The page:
In my marketing career, I don’t recall a time where my goal was anything other than to drive (or at least meaningfully contribute to) brand and company growth. If a brand was growing — grow more! If it was declining — turn it around! Despite any macro headwinds or resource constraints, the objective was always to claw for as much revenue as possible. Most marketing leaders find themselves in that situation now, tasked with growth against unfavorable or uncertain market conditions. In fact, revenue growth is the single most important outcome that defines success as a marketing leader, according to Forrester’s Q4 B2C Marketing CMO Pulse Survey, 2022.

My colleague Dipanjan Chatterjee and I just published a report to help marketing leaders inject structured thinking into their growth opportunities: Unlock Your Revenue Growth Potential. And as it was for me in my career, we hope the big unlock is to start with a very intentional decision about the customers from whom you plan to source your growth.

The Majority Of CMOs Look To New Customers For Growth

Seventy-seven percent of B2C marketing executives indicated that new customer acquisition will be their primary source of growth over the next two to three years — and this held true across size of business and industry.

While existing customers lay the foundation for a sustainable business model and brand experience, acquisition is the key to sustained growth. Big brands are big because more people buy them, so always be acquiring!

Understand And Remove Acquisition Blockers To Accelerate Brand Growth

Forrester’s Revenue Growth Framework outlines five levers that marketing leaders can pull to chart their growth path. Think of acquisition blockers as the “dark side” of these growth levers — the things that might be holding your brand and organization back from its full potential. These are:

  • Limited Access: The inability to find and easily access a brand will limit its acquisition potential. Sounds obvious, but my first marketing experience was as an intern in a startup food company that bought billboards over the Lincoln Tunnel leading to NYC but had not achieved any meaningful scale in retail. Spoiler alert: It didn’t work! To diagnose limited access as a primary blocker, look for discrepancies between positive brand awareness or purchase intent metrics and sales conversion. In consumer products, this could be due to poor shelf placement, recessive packaging, distribution challenges, or out of stocks. For direct-to-consumer (DTC) businesses, this could be about poor search results or UX friction. For retail businesses, this could be about store counts or location (for example, my kids know Arby’s “has the meats” because of that chain’s media reach and branding … but they’ve never seen an actual restaurant!).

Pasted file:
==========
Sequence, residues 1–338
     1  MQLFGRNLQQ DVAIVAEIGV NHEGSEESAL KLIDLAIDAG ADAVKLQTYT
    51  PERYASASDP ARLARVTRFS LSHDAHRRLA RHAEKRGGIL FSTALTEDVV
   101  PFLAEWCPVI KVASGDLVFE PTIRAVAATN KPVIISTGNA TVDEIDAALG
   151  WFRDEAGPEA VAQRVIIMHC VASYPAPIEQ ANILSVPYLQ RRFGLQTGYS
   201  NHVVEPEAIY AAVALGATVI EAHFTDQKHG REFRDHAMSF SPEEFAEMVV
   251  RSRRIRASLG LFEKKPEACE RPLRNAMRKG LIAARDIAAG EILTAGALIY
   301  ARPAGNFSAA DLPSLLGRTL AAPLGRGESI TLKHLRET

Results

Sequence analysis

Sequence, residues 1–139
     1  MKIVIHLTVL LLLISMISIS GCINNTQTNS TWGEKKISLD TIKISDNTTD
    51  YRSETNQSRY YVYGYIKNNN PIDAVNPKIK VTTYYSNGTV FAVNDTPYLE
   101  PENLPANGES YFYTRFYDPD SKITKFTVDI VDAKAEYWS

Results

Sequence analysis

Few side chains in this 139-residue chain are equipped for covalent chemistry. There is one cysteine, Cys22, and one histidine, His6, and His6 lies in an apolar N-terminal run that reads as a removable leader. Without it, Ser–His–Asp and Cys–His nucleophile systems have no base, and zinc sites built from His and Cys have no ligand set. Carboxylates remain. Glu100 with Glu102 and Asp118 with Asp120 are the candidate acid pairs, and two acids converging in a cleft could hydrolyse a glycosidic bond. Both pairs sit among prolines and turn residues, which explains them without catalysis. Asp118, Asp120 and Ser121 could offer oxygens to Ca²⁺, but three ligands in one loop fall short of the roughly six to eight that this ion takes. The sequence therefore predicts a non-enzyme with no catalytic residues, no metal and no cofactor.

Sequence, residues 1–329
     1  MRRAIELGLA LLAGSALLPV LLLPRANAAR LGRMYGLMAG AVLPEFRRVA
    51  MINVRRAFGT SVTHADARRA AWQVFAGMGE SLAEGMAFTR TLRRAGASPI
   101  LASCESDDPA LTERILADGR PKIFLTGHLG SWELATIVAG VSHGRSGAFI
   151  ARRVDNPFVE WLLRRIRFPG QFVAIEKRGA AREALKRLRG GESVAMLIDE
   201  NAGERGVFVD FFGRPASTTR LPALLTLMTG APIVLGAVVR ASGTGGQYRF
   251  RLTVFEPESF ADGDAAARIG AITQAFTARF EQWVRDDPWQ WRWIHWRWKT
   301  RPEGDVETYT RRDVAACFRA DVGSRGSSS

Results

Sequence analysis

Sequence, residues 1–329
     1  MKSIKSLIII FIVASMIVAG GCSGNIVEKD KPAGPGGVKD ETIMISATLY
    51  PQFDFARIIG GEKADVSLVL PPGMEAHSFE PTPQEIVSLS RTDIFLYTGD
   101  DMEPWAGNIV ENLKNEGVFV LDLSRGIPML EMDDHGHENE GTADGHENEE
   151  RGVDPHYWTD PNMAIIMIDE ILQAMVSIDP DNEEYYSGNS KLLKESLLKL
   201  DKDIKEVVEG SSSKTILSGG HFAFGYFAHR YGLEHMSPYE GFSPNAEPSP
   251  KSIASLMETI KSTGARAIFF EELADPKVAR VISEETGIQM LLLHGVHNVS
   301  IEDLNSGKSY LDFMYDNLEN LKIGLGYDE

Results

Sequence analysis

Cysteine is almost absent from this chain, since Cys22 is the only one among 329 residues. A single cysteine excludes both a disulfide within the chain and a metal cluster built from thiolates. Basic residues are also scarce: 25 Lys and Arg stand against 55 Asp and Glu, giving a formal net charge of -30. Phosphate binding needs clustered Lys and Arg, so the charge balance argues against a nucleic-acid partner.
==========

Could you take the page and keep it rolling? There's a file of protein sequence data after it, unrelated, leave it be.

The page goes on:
• Product Irrelevance: We rarely design products and services to be universally appreciated by every potential customer. But to drive sustained growth at the brand or company level, strive for a portfolio that meets the needs of as many category buyers as possible. If market penetration is low, look at whether your set of products and services is relevant to your customer base. If there’s a gap, ascertain whether it can (and should) be achieved through product improvements or new features/benefits, or whether it should it be addressed through new products or even brands.
  • Poor Experience: Customer experience (CX) is critical to driving loyalty, but it plays a role in acquisition as well. If the discovery and purchase process for a new customer is tedious or off-putting, you can lose a potential customer prior to converting. If the post-purchase user experience is poor, that can make the difference between a “light” user and a “never again” user. Lastly, consider the role a negative experience can have on word-of-mouth and publicly visible reviews, working against efforts to drive salience with potential new customers. Use your voice-of-the-customer (VoC) insights to identify areas of concern and “fix the potholes.”
  • Price/Value Gap: Marketing only works if the customer, consciously or subconsciously, deems your product or service to be worth what you’re charging. If price is an acquisition blocker, carefully weigh options for temporary price reductions; new, lower-cost products and services; or other creative approaches to shift the value equation with potential customers. While the need to drive profitable growth makes balancing pricing decisions and achieving acquisition goals tricky, it’s one of the easier blockers to diagnose. Both simulated and real-world pricing experimentation should give you insight into where along the demand curve you can play to reach your revenue goals.
  • Lack of Salience: Salience can be defined as the “propensity of a brand to be thought of in buying situations” (see: Romaniuk and Sharp). Beyond awareness (many brands have awareness but aren’t in the consideration set in the moments that matter), media reach, brand perception, advertising effectiveness, and other factors can play a role in salience. Be prepared to do a full diagnostic before jumping to the default “need more media dollars” conclusion! This blocker is intentionally listed last because it’s the one that, stereotypically, marketers might be expected to point to first. Increase your credibility with the C-suite by looking at the business holistically, but also be prepared to look in the mirror if branding and marketing communications efforts aren’t having the desired effect.

If you want help thinking through your own acquisition blockers or how to apply Forrester’s Revenue Growth Framework to your brand and business, please reach out to me, my colleague Dipanjan, or your account manager if you’re a Forrester client.